There’s an article by game designer John Wick about his GenCon 7th Sea larp doing the rounds on Facesuck ATM:
Its an interesting behind the scenes of a low-prep framework game, where the players make characters based on the spot for an existing setting, and there’s a few high-level plots for them to interact with, but nothing connected individually with any character, except insofar as they’re part of a faction and therefore in different “teams”. And a neat “hero point” bidding system to resolve disputes and establish facts. So far, so good, if that’s what floats your boat. And then, there’s the infuriating bit:
I sat down on the morning of the larp and wrote down 30 Clues. Took me about forty minutes.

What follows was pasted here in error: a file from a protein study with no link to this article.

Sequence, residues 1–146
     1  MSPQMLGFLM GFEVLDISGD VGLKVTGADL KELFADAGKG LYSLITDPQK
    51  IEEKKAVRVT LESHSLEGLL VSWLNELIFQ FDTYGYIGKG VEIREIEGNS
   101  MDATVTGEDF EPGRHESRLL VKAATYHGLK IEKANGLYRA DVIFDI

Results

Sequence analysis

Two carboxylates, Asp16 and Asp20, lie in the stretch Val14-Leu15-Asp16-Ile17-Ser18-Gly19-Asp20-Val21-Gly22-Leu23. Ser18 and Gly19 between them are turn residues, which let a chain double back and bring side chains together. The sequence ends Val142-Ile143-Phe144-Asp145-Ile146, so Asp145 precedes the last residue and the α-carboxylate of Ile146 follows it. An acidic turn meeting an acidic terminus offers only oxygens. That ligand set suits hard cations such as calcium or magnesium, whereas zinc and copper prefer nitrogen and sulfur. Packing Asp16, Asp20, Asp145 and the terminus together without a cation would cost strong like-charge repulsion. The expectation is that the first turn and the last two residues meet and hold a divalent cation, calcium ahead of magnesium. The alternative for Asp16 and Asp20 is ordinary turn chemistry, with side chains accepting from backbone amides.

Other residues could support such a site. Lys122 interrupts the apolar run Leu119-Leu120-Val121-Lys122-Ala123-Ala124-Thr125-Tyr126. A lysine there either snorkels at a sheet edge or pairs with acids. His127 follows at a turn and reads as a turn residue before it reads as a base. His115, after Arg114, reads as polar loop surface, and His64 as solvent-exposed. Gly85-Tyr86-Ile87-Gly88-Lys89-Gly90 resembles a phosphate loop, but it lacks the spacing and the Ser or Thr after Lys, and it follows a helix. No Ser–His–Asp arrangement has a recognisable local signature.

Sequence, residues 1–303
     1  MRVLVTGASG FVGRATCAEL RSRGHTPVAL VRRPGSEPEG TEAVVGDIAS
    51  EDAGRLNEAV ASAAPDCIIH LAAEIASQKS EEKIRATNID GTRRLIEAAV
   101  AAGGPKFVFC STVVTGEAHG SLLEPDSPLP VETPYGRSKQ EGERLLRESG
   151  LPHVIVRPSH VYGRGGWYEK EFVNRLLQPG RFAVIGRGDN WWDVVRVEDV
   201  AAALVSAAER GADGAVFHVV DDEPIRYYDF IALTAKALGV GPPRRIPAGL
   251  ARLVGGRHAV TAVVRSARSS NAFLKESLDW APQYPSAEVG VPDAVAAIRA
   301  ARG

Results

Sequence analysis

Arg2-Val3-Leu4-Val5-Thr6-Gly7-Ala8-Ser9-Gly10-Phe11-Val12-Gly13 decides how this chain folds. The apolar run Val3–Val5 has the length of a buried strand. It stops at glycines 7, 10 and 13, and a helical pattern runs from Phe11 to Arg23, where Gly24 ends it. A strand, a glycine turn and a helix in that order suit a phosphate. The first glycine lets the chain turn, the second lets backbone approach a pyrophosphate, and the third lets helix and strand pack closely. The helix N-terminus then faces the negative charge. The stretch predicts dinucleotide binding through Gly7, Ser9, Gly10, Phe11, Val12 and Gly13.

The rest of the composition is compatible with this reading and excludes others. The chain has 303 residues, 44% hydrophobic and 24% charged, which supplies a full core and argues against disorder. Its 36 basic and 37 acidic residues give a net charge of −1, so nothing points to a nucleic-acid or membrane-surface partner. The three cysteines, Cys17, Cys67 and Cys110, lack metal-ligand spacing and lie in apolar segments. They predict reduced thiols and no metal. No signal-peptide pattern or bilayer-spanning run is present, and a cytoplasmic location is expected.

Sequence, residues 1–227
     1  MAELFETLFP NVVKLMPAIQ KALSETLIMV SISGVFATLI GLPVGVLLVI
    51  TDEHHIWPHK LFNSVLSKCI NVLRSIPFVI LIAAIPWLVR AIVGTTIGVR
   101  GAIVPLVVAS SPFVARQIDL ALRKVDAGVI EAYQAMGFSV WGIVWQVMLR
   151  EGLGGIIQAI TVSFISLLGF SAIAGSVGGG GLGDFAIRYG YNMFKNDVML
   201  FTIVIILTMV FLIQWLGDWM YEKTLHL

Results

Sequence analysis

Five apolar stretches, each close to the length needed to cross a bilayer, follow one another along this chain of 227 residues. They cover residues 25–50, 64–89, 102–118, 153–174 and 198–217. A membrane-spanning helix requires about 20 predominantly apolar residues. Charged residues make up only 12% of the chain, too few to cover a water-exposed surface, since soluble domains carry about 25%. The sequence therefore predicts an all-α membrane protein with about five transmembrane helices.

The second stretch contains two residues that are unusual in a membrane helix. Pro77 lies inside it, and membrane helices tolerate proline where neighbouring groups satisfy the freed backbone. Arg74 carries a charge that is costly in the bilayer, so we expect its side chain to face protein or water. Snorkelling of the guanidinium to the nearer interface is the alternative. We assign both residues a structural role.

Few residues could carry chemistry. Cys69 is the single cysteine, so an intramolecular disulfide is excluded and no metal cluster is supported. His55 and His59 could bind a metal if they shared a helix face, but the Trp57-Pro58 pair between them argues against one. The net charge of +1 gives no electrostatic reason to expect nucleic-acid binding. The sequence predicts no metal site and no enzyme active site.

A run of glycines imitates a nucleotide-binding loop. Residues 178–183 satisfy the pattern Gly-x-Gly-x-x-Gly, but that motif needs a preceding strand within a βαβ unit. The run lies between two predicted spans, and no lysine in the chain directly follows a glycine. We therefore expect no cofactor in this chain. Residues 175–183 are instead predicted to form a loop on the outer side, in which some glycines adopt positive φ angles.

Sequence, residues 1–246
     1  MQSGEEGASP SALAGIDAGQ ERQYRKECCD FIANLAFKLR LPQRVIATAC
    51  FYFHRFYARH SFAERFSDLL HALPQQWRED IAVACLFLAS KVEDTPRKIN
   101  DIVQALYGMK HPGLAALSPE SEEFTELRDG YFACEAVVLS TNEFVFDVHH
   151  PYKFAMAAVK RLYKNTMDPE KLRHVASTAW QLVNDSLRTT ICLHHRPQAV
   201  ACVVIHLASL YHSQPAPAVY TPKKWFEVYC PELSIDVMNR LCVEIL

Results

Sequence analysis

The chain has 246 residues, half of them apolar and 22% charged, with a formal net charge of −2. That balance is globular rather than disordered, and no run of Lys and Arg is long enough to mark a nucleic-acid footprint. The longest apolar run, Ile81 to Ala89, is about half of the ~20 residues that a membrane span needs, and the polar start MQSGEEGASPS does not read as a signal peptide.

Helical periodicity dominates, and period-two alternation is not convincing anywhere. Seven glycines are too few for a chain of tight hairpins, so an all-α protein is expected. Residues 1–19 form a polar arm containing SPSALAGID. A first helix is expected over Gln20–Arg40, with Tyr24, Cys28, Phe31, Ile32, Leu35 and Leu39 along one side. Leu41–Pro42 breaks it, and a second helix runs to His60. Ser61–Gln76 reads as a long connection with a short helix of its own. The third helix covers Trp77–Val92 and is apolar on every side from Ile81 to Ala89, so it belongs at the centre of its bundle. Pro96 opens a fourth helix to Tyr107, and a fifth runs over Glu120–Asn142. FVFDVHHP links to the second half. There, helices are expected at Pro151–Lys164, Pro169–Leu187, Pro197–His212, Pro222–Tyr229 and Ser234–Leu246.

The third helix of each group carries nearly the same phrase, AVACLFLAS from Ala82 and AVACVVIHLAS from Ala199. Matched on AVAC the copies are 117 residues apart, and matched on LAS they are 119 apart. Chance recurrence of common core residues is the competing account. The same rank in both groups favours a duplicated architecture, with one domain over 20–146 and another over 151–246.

Then, I thought about what kind of cool thing the players could do with the Artifacts. I took a shower–the source of all good ideas–and thought about it. I decided, “The Artifacts let the players decide which governors are Heroes and Villains.” That worked.
How many coins did I give each faction? Eh, I made it up.
Which is an awfully casual attitude to take to an event you’ve set up months in advance, and where 40 people are depending on you to bring the fun. Sure, it all worked out - but what if it hadn’t?
So, if you’re reading this article, sure, pay attention to the other bits. Even if its not your preferred style, there’s some interesting stuff there which can be stolen. But please, for the love of Cthulhu, do not follow those GMing practices. Do not write your game at the last minute, because its an awful, awful risk to take. You owe your participants and yourself more care than that.